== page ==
Desktop Metal (DM) to Release Studio System 2 Metal 3D Printer in Q1

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Desktop Metal (NYSE: DM) has had its stock price double in recent months amid a very frothy time for Wall Street. With signs that the bears are wrestling the bulls to the ground, can the company meet expectations? Through its recent revenue-driven Envisiontec acquisition, the firm has acquired sales and, along with it, a whole host of polymer technologies and applications. Now, the firm has said it will offer another future pillar for making good on its promise: the Studio System 2 in Q1.

Usually in binder jetting you have to print, debind, and then sinter in distinct steps in different machines. The conveyancing of batches and the chemicals with which you have to work make debinding not fun. At the same time, this is an extra handling cost that drives up part price. With the Studio 2, the company claims to have eliminated debinding as a step and can now burn out the binding material in the sintering oven.

That would make it much more likely that you could actually use this system in an office now. $700 million later the company may now finally make good on its promises from 2015. It would be good for the industry if DM could meet its valuation and expectations while keeping its promises going forward.

It’s worth noting that Rapidia, another metal 3D printing startup, offers a metal 3D printing process similar to the studio system that also eliminates debinding. So, Desktop Metal may need to watch its back. However, Rapidia lacks many things that Desktop Metal does not, including a large-scale binder jetting line, carbon fiber 3D printing system, a massive valuation and public backing, and EnvisionTEC.

Desktop Metal states that its “Fabricate software workflow fully automates part creation through printing and sintering to produce high-quality, end-use parts with densities and feature accuracy similar to casting.” The company says that the system will ship in Q1, and also says that it has been shipping the Studio 1 system in volume since Q4 2018.

Ric Fulop, Desktop Metal CEO, commented in a press release:

“As additive manufacturing adoption advances worldwide, Desktop Metal continues to drive innovations that enable the technology to more effectively compete with conventional manufacturing processes. Our next-generation Studio System 2 takes the best features of the original Studio System+ and significantly improves upon them, delivering higher quality end-use metal parts through a more streamlined and accessible process, and within an even smaller footprint.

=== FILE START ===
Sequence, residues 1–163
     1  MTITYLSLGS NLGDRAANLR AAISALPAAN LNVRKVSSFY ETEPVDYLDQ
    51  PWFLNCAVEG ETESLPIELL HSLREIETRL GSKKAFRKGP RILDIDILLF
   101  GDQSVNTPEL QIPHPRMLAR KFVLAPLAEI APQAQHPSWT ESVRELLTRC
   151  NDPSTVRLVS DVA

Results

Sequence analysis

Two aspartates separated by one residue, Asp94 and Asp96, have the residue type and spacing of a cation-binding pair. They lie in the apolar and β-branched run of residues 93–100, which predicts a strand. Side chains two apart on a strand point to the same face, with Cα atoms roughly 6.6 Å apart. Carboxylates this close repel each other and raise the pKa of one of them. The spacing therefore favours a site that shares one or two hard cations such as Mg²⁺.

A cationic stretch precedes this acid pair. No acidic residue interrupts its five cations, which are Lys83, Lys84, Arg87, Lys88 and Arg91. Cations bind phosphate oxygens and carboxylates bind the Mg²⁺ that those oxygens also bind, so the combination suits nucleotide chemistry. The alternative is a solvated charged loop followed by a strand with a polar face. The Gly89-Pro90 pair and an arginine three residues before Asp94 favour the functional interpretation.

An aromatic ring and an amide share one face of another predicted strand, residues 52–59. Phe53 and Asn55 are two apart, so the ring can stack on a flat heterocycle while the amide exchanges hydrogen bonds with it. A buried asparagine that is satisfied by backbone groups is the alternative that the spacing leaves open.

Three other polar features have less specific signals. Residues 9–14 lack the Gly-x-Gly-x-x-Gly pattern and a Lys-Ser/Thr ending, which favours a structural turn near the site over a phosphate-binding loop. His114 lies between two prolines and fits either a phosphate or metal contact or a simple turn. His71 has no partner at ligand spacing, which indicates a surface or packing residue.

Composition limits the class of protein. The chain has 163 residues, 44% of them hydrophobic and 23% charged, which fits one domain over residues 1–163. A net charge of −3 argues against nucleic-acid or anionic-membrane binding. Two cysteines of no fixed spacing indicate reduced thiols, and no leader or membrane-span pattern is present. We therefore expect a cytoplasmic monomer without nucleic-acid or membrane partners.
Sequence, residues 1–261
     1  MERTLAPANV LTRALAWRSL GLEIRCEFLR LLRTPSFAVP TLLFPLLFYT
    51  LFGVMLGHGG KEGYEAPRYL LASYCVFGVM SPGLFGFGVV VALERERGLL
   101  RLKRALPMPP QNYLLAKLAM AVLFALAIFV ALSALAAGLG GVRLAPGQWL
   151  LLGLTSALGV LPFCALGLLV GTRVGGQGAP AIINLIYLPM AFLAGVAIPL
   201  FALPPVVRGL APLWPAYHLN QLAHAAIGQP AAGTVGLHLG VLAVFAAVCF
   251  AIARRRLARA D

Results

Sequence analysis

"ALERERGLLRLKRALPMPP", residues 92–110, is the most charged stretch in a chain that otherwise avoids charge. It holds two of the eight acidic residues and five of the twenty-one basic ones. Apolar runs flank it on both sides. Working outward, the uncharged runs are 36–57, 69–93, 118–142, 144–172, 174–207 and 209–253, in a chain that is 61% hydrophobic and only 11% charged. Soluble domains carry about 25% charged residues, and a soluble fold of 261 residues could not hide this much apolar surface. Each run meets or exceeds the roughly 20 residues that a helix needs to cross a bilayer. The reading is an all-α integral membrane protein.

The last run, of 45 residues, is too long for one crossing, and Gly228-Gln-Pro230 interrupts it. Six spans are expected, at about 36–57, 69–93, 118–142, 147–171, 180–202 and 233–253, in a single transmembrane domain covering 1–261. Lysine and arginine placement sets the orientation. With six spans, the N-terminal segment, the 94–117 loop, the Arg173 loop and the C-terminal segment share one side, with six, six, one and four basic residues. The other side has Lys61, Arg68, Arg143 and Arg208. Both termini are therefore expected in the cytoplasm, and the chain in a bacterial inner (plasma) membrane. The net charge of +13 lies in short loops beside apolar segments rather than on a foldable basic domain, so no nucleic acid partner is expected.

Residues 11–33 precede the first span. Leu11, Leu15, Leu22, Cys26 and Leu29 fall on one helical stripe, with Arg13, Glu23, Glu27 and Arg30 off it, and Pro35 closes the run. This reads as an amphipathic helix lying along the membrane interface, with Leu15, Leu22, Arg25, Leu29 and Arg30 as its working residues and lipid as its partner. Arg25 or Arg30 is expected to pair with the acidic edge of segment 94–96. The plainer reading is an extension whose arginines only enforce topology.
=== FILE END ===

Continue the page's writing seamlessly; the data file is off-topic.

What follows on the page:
“Based on the success of our original Studio System, we know companies around the globe are eager to adopt our new, more streamlined Studio System 2 process to produce difficult-to-machine parts featuring complex geometry like undercuts and internal channels.Across manufacturing, tooling, automotive, consumer products and electronics, and medical applications, companies are sharing how additive manufacturing is challenging their design and engineering teams to think differently about how to optimize designs for best-in-class part success.”

Desktop Metal states that the Studio 2 “minimizes the trial and error common in alternative 3D printing processes, enabled by new print profiles and a re-engineered interface layer material for more even shrinkage during sintering and increased part success across an array of geometries” and has an “enhanced surface finish” due to a heated build chamber along with better print profiles. The company claims that “New isotropic TMPS infill creates strong parts, ideal for end-use applications. Vacuum sintering in the Desktop Metal furnace at temperatures of up to 1400°C produces parts and mechanical properties that are similar to castings.”

The printer will launch with one “two-step” material, 316L steel, but more are on the way. The printer, “will be backwards-compatible through the use of the debinder, with all materials previously supported by the Studio System, including 17-4PH stainless steel, 4140 low alloy steel, H13 tool steel, and Copper.”

After years of delays with initial systems and some purported returns, has the company got it right this time? Truth is, we won’t know for many months. Manufacturing equipment has to be tested, evaluated, and work for millions of parts. It will take time for people to disassemble the system, test the parameters, and to qualify it for production. Many coupons and test parts will have to be printed before that. If customers are unable to do this or unable to get it to work, then we may have a problem.

Could it be this time the company could have gotten things right? Did they learn from their previous problems and do they now have a working system? This is what Wall Street will want to know today, but, in all honesty, we could not tell them that now.

We will interview DM customers as soon as we can. Reach out to us if you have your Studio 2 System up and running! So far, it has been impossible for us to get DM customers to speak on the record about the company’s 3D printers. We hope to get some feedback from customers soon.

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